Depression affects almost 20 percent of young adults with autism, a new research has revealed, a rate that’s more than triple that seen in the general population.
And young adults with autism who were relatively high-functioning — meaning they did not have intellectual disabilities– were actually at higher risk of depression than people with more severe forms of autism, British researchers found.
In the study published online on Aug 31 in JAMA Network Open, this higher-functioning subgroup was more than four times as likely to suffer from depression, compared to people without autism. The study was led by Dheeraj Rai, of the University of Bristol.
In the study, Dheeraj’s group looked at data that tracked almost 224,000 Swedes living in a particular county between 2001 and 2011. A total of 4,073 had been diagnosed with an autism spectrum disorder.
People with autism without intellectual disabilities “may be particularly prone to depression because of greater awareness of their difficulties,” the researchers theorized.
Tracking the participants’ mental health, the study found that by their mid-to-late 20s, 19.8 percent of people with autism had a history of depression, compared to just 6 percent of those in the general population.
“Given the considerable social struggles that individuals with an autism spectrum disorder experience, it is not surprising that they are at significantly increased risk for depression,” said Dr Andrew Adesman. He directs developmental and behavioral pediatrics at Cohen Children’s Medical Center in New Hyde Park, NY.
Not all of the increase in risk for depression was caused by genetics, Dheeraj’s group added, because people with autism still had double the odds for depression compared to a full sibling who did not have the disorder.
That suggests that something other than DNA — perhaps the stress of living with autism — may play a role in depression risk.
The finding that autism without intellectual disability carried higher odds for depression highlights the need for earlier diagnosis, the researchers said.
“Many individuals with autism spectrum disorder, especially those without cognitive impairments, receive a delayed diagnosis, often after experiencing other psychiatric problems,” the study authors wrote.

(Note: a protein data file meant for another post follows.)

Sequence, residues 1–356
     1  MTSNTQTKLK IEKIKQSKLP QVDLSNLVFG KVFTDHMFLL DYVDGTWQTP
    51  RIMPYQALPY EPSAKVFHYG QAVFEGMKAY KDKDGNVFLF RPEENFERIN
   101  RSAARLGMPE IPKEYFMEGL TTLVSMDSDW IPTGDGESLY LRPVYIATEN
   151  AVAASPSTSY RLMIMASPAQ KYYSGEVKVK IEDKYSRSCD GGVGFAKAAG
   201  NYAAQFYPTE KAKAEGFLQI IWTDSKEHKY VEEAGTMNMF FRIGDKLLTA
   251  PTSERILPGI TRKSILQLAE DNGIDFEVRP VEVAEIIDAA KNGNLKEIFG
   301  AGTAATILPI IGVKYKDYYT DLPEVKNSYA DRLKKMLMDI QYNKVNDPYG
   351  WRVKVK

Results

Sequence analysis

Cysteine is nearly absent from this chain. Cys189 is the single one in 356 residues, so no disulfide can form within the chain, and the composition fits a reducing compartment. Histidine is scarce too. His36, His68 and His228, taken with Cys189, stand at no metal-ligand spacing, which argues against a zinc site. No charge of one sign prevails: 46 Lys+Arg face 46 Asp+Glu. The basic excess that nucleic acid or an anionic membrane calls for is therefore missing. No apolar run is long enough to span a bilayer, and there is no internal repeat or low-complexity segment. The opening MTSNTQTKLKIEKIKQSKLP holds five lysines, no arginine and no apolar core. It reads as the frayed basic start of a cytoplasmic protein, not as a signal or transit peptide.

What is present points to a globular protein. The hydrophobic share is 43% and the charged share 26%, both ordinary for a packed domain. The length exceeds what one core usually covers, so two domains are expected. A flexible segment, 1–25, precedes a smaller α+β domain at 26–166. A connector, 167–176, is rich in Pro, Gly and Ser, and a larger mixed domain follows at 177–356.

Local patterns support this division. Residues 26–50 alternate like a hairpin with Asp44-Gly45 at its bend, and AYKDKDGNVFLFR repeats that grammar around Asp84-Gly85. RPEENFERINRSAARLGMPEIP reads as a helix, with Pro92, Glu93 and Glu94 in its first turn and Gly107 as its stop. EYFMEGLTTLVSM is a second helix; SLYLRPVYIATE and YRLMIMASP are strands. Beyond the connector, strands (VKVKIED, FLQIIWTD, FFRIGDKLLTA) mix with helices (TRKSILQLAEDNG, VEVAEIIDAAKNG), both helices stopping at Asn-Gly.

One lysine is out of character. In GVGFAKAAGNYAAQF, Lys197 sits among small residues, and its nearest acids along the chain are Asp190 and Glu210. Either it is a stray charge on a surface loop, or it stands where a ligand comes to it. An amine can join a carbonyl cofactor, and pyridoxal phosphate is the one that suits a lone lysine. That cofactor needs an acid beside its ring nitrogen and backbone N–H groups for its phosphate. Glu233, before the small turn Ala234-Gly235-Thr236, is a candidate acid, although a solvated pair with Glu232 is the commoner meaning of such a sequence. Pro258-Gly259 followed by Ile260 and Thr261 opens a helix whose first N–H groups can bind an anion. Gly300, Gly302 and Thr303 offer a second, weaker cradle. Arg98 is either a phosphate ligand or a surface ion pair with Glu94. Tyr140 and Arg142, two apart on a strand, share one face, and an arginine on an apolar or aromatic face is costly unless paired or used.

That can take a big psychological toll, perhaps contributing to depression risk, Rai’s team suggested.
“Individuals receiving a diagnosis of autism spectrum disorder later in life often report long-standing stress in relation to social isolation, bullying, exclusion, and the knowledge they are different without the explanatory framework of a diagnosis of autism spectrum disorder,” the team pointed out.
Sudden cardiac arrests are more likely to happen on any day at any time : Study
A new study has showed that sudden cardiac arrests are more likely to happen on any day at any time, challenging previous claims that weekday mornings — especially Mondays — were the danger zones.
Previously heart experts have long believed that weekday mornings were the danger zones for unexpected deaths from sudden cardiac arrests.
“While there are likely several reasons to explain why more cardiac arrests happen outside of previously identified peak times, stress is likely a major factor,” said Sumeet Chugh, a Professor of medicine from the Smidt Heart Institute in the US.
“We now live in a fast-paced, ‘always on’ era that causes increased psycho-social stress and possibly an increase in the likelihood of sudden cardiac arrest,” Chugh added.
Almost 17 million cardiac deaths occur annually worldwide while the survival rate from sudden cardiac arrest is less than one per cent.
For the study, published in the journal Heart Rhythm, Chugh’s team analysed data on 1,535 from the community-based Oregon Sudden Unexpected Death Study between 2004 to 2014, among which only 13.9 per cent died in the early morning hours, the findings revealed.
All reported cases were based on emergency medical service reports containing detailed information regarding the cause of the cardiac arrest.
“Because sudden cardiac arrest is usually fatal, we have to prevent it before it strikes,” Chugh said. “Our next steps are to conclusively determine the underlying reasons behind this shift, then identify public health implications as a result,” he added.
Apart from stress, other contributing factors may be a shift in how high-risk patients are being treated, as well as inadequacies in how past studies have measured time of death caused by sudden cardiac arrest.Follow @gorkhapost